Billie and George Ross center for Advanced Pediatric Orthopaedics and Minimally Invasive Spinal Surgery
Cohen’s Children Medical Center
Northwell Hofstra School of Medicine and

Stephen F. Wendolowski Research Assistant Pediatric Orthopaedics Cohen Children’s Medical Center New Hyde Park, NY, 11040

Stephen F. Wendolowski

Stephen F. Wendolowski
Research Assistant
Pediatric Orthopaedics
Cohen Children’s Medical Center
New Hyde Park, NY, 11040

MedicalResearch.com: What is LEAN?

Response: LEAN is a management principle that supports the concept of continuous improvement through small incremental changes to not only improve efficiency, but also quality. Particularly, we took interest in the 5S’s – Sort, Simplify, Sweep, Standardize, and Self-Discipline. We felt that Sort, Simplify, and Standardize were the most relevant to surgery.

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Quality of Outpatient Care Has Not Consistently Improved Over Last Decade

MedicalResearch.com Interview with:

David Michael Levine M.D.,M.A. Division of General Internal Medicine and Primary Care Brigham and Women’s Hospital Boston, Massachusetts

Dr. David Levine

David Michael Levine M.D.,M.A.
Division of General Internal Medicine and Primary Care
Brigham and Women’s Hospital
Boston, Massachusetts

MedicalResearch.com: What is the background for this study? What are the main findings?

Response: About a decade ago, researchers showed that Americans only received half of recommended health care. Since then, national, regional, and local initiatives have attempted to improve quality and patient experience, but there is incomplete information about whether such efforts have been successful.

We found that over the past decade the quality of outpatient care has not consistently improved, while patient experience has improved.

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Hospital Wide Crew Resource Management Training Improves Communication and Teamwork

MedicalResearch.com Interview with:

Dr. Susan Moffatt-Bruce, MD PhD Cardiothoracic surgeon Associate professor of surgery and assistant professor of molecular virology, immunology and medical genetics The Ohio State University Wexner Medical Center Columbus, OH

Dr. Moffatt-Bruce

Dr. Susan Moffatt-Bruce, MD PhD
Cardiothoracic surgeon
Associate professor of surgery and assistant professor of molecular virology, immunology and medical genetics
The Ohio State University Wexner Medical Center
Columbus, OH

MedicalResearch.com: What is the background for this study? What are the main findings?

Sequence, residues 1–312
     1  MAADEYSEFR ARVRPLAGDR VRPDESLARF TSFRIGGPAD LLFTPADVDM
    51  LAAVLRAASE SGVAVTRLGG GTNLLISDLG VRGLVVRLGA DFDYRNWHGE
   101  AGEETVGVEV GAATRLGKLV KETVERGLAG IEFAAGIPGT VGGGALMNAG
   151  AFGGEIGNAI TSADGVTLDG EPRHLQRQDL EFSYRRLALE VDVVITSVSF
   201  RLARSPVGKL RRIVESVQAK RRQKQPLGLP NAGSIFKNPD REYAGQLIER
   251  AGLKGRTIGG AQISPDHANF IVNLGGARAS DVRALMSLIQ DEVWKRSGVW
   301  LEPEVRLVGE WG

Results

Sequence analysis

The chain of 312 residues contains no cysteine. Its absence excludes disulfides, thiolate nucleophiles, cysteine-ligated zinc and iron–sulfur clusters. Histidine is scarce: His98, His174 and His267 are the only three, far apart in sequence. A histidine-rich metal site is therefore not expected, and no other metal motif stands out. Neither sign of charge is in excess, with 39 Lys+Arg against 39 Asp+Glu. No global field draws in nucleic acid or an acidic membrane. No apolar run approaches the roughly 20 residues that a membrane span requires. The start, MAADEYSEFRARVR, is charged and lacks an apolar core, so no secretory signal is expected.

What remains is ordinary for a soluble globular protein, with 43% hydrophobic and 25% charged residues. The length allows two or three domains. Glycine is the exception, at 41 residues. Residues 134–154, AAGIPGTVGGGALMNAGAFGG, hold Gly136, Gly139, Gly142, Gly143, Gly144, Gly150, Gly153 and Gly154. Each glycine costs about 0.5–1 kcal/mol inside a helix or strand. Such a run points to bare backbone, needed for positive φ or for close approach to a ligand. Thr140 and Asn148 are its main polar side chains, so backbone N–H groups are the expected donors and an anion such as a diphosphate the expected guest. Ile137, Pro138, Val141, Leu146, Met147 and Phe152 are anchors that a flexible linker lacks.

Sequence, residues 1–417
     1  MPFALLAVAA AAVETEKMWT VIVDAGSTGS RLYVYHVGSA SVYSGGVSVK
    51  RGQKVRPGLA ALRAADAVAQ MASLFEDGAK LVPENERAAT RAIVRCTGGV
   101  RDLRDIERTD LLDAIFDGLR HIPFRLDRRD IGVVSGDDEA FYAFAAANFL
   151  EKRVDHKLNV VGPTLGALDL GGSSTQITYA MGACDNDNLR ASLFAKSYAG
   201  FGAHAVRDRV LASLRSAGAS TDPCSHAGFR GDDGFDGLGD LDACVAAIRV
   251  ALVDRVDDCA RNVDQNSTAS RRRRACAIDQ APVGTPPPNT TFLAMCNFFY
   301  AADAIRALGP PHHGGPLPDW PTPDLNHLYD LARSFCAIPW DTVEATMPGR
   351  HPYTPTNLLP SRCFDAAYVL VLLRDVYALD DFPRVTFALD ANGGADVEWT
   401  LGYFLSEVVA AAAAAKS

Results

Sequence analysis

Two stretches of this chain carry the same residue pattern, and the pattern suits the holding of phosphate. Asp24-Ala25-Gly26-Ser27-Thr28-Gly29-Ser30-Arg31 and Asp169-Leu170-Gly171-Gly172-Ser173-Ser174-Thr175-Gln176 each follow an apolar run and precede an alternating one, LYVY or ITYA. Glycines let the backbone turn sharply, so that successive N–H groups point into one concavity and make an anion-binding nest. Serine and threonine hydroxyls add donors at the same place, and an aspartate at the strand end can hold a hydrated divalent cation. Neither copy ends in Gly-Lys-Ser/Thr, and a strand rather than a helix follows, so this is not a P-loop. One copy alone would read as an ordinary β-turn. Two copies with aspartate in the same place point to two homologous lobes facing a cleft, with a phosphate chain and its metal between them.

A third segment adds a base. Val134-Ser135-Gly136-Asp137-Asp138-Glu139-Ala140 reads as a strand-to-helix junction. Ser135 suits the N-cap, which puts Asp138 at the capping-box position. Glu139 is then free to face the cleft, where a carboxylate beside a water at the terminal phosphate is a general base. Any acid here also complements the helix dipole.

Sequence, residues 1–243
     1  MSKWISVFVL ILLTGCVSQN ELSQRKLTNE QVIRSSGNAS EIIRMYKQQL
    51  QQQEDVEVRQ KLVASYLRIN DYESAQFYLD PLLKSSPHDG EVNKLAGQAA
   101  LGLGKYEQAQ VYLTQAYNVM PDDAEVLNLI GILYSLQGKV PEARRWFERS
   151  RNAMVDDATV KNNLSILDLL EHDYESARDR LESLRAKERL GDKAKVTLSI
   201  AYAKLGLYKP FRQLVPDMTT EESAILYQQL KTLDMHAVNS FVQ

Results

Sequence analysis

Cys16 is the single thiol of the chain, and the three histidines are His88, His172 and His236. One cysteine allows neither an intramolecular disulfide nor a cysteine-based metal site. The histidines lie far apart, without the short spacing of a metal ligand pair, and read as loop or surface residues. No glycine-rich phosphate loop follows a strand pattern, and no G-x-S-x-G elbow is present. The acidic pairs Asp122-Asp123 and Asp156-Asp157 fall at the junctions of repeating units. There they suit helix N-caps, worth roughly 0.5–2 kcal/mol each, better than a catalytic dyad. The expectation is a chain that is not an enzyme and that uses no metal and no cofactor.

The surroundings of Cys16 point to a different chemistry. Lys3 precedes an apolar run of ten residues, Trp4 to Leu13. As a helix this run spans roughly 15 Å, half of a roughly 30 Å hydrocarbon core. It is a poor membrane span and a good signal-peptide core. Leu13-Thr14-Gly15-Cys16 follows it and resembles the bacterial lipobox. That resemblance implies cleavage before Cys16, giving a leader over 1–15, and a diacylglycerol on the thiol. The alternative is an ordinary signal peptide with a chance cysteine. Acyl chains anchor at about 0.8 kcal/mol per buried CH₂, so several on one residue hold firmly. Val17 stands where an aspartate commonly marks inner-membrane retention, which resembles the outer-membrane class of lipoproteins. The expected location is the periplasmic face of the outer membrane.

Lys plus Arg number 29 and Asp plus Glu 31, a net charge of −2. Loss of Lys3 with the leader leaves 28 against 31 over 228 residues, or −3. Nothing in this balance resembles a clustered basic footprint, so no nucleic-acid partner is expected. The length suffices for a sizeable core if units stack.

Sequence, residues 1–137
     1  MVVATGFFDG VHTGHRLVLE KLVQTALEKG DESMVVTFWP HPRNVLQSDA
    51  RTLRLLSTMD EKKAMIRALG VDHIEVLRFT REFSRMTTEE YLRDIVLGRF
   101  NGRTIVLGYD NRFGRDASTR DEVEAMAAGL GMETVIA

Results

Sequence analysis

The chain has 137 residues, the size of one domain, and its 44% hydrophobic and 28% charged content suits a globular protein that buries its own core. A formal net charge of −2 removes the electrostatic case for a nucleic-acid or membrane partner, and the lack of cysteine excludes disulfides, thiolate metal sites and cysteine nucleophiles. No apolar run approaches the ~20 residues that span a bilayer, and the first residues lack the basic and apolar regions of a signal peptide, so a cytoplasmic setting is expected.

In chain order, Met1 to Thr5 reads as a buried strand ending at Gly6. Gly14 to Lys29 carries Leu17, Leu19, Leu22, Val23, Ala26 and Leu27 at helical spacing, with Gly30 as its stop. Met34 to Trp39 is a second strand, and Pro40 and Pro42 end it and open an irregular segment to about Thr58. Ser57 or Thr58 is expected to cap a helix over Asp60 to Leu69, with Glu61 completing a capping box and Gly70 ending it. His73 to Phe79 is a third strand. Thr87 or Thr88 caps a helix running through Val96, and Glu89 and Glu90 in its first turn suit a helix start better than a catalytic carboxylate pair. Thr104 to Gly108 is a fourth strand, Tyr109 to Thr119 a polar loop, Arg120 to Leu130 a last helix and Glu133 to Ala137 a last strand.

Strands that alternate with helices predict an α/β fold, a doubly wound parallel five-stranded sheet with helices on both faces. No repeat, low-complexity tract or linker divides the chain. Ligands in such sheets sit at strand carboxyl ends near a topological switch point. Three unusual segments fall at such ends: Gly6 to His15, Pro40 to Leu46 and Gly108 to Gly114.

Response: Crew Resource Management (CRM), a training for all health care providers, including doctors, nurses, staff and students, focusing on team communication, leadership, and decision-making practices, was implemented throughout a large academic health system – across eight departments spanning three hospitals and two campuses. All those in the health system, inclusive of those that took the training, took a survey measuring perceptions of workplace patient safety culture both before CRM implementation and about 2 years after. Safety culture was significantly improved after Crew Resource Management training, with the strongest effects in participant perception of teamwork and communication. This study was the first health-system wide CRM implementation reported in the literature.

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More ICU Use in Hospitals With Worse Quality of Care for Heart Failure or MI

MedicalResearch.com Interview with:

Thomas Valley, MD, MSc Fellow, Pulmonary and Critical Care University of Michigan Ann Arbor, MI 48109-2800

Dr. Thomas Valley

Thomas Valley, MD, MSc
Fellow, Pulmonary and Critical Care
University of Michigan
Ann Arbor, MI 48109-2800

MedicalResearch.com: What is the background for this study? What are the main findings?

Response: Hospitalizations for cardiovascular condition such as acute myocardial infarction (AMI) and heart failure (HF) are incredibly common and costly. Yet, about 20% of hospitalized patients with these conditions receive substandard care. We assessed whether there was an association between the quality of care a hospital provided for AMI or heart failure and how frequently a hospital used the ICU. We found that hospitals with the highest rates of ICU use for AMI or HF delivered worse quality of care and had higher 30-day mortality for these conditions.

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Weekend-Admitted Patients With Non-STEMI Heart Attacks Have Longer Admissions and Higher Mortality

MedicalResearch.com Interview with:

Sahil Agrawal MD, Heart and Vascular Center St. Luke’s University Health Network Bethlehem, PA 18015

Dr. Sahil Agrawal

Sahil Agrawal MD, MD
Heart and Vascular Center

St. Luke’s University Health Network
Bethlehem, PA 18015

MedicalResearch.com: What is the background for this study?